/philosophy : inference : induction : pseudo-inference/ : a primarily inductive methodology of deriving inference in which the researcher starts in advance with a premature question or assumed answer they are looking for. Thereafter, observations are made. Affirmation is a process which involves only positive confirmations of an a priori assumption or goal. Accordingly, under this method of deriving inference, observations are classified into three buckets: 

1. Affirming
2. In need of reinterpretation
3. Dismissed because they are not ‘simple’ (conforming to the affirmation underway).

Under this method, the model is complicated by reinterpretations. Failing the test that a model should be elegant, not exclusively simple. By means of this method, necessity under Ockham’s Razor is assumed in advance and all observations thereafter are merely reconfigured to fit the assumed model. At the end of this process, the idea which was posed in the form of a question, or sought at the very start, is affirmed as valid. Most often this idea thereafter is held as an Omega Hypothesis (more important to protect than the integrity of science itself).

Now, set aside of course the premature contentions made inside Questions 2 and 3, that ‘God is self evident’ and ‘God is simple’, and focus instead on the first trick of this pseudo-philosophy. The sleight-of-hand proffered in this form of casuistry, is embodied in a violation of Ockham’s Razor called an invalid ‘necessity of plurality’. Saint Aquinas begins his work in Question 1 by assuming necessity. A nice trick, and one I would love to pull off inside a laboratory setting. Things would always go my way; conclusions would always turn out as planned – as long as I can dictate the necessity of the questions I want asked.

As a note, the ignostic atheist does not object to the idea of God as does the nihilist Atheist. They simply object to logically invalid or manipulative pathways of arriving at such knowledge as a predefined destination. If one is to discover God, the above pathway is not the way of going about such a task. Logic’ing your way into a proof or disproof of God is foolishness; the self-aggrandizing fantasy of the theist and Atheist.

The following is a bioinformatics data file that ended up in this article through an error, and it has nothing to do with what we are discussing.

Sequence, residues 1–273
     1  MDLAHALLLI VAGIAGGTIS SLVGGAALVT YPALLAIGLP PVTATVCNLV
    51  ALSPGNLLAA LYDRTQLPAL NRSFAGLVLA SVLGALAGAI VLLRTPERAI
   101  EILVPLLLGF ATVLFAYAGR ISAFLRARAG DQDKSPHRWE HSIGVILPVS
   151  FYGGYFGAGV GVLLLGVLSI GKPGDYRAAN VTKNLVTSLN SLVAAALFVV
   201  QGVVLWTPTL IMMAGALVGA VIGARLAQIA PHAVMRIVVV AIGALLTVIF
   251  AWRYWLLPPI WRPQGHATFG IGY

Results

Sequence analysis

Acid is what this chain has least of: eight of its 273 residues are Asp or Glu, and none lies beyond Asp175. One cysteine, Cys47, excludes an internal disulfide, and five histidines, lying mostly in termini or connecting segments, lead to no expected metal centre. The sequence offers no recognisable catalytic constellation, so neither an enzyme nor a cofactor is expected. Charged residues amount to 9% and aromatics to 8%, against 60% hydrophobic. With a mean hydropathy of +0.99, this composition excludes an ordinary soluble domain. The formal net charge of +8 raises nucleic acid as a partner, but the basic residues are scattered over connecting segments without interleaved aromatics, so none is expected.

Moreover, as long as you afford me exemption from having to establish a case for necessity, I can invalidly swing the direction of research towards any particular conclusion I desire. Both the religious and the nihilist use this technique in order to squelch thinking they find offensive. Both cults have learned how to employ this technique of linear induction, along with its interpretive confirmations (see below), to control the direction of science. Hence existence of the obtuse form of parsimony, ‘Occam’s Razor’.

Allow me the privilege of in advance establishing the necessity of the questions asked, and I can prove absolutely anything that I want.

This is much akin to the philosophical apothegm ‘Grant me one miracle and I can explain all the rest’. It behooves the ethical skeptic to understand the role of necessity in the development of an alternative – and in particular, understand when an agency has bypassed the burden of necessity (as has been done by Aquinas above), or even more importantly when a case for necessity has indeed been established – and is being artificially blocked by fake skeptics.

It is not proof which they are in reality demanding, contrary to what fake skeptics contend
(in science there is really no such thing as proof), rather it is plurality of explanation which they fear most.

As it pertains to fake skepticism, it is this case for necessity of plurality which must be blocked at all costs.
They cannot afford to have more than one explanation (their simple one) be researched by science.

A Case for Necessity

It is a set of observations, and nothing else, which ultimately serves to establish a case for necessity. This is why the scientific method must begin with observation and not by means of the ‘asking of a question’. When one asks a question – one assumes necessity a priori; much akin to the trick played by Saint Aquinas above. For example ‘Are you beating your dog?’ is not a scientific question, because it exposes itself to the ad hoc nature of arrivals of affirming evidence (only positive feedback), and does not rely upon the epistemological principle of a model’s predictive, consilient or probative power. This contrast between affirmation versus predictive model development – in essence the contrast between Occam’s Razor and Ockham’s Razor, is exhibited below.

Predictions are derived in advance from inductive modeling, and are placed at risk. Affirmations are ad hoc in nature, and further then are reinterpreted to fit according to an anchoring bias. Necessity (N) therefore under real skepticism, is something one establishes – and can never be something that a researcher assumes in advance.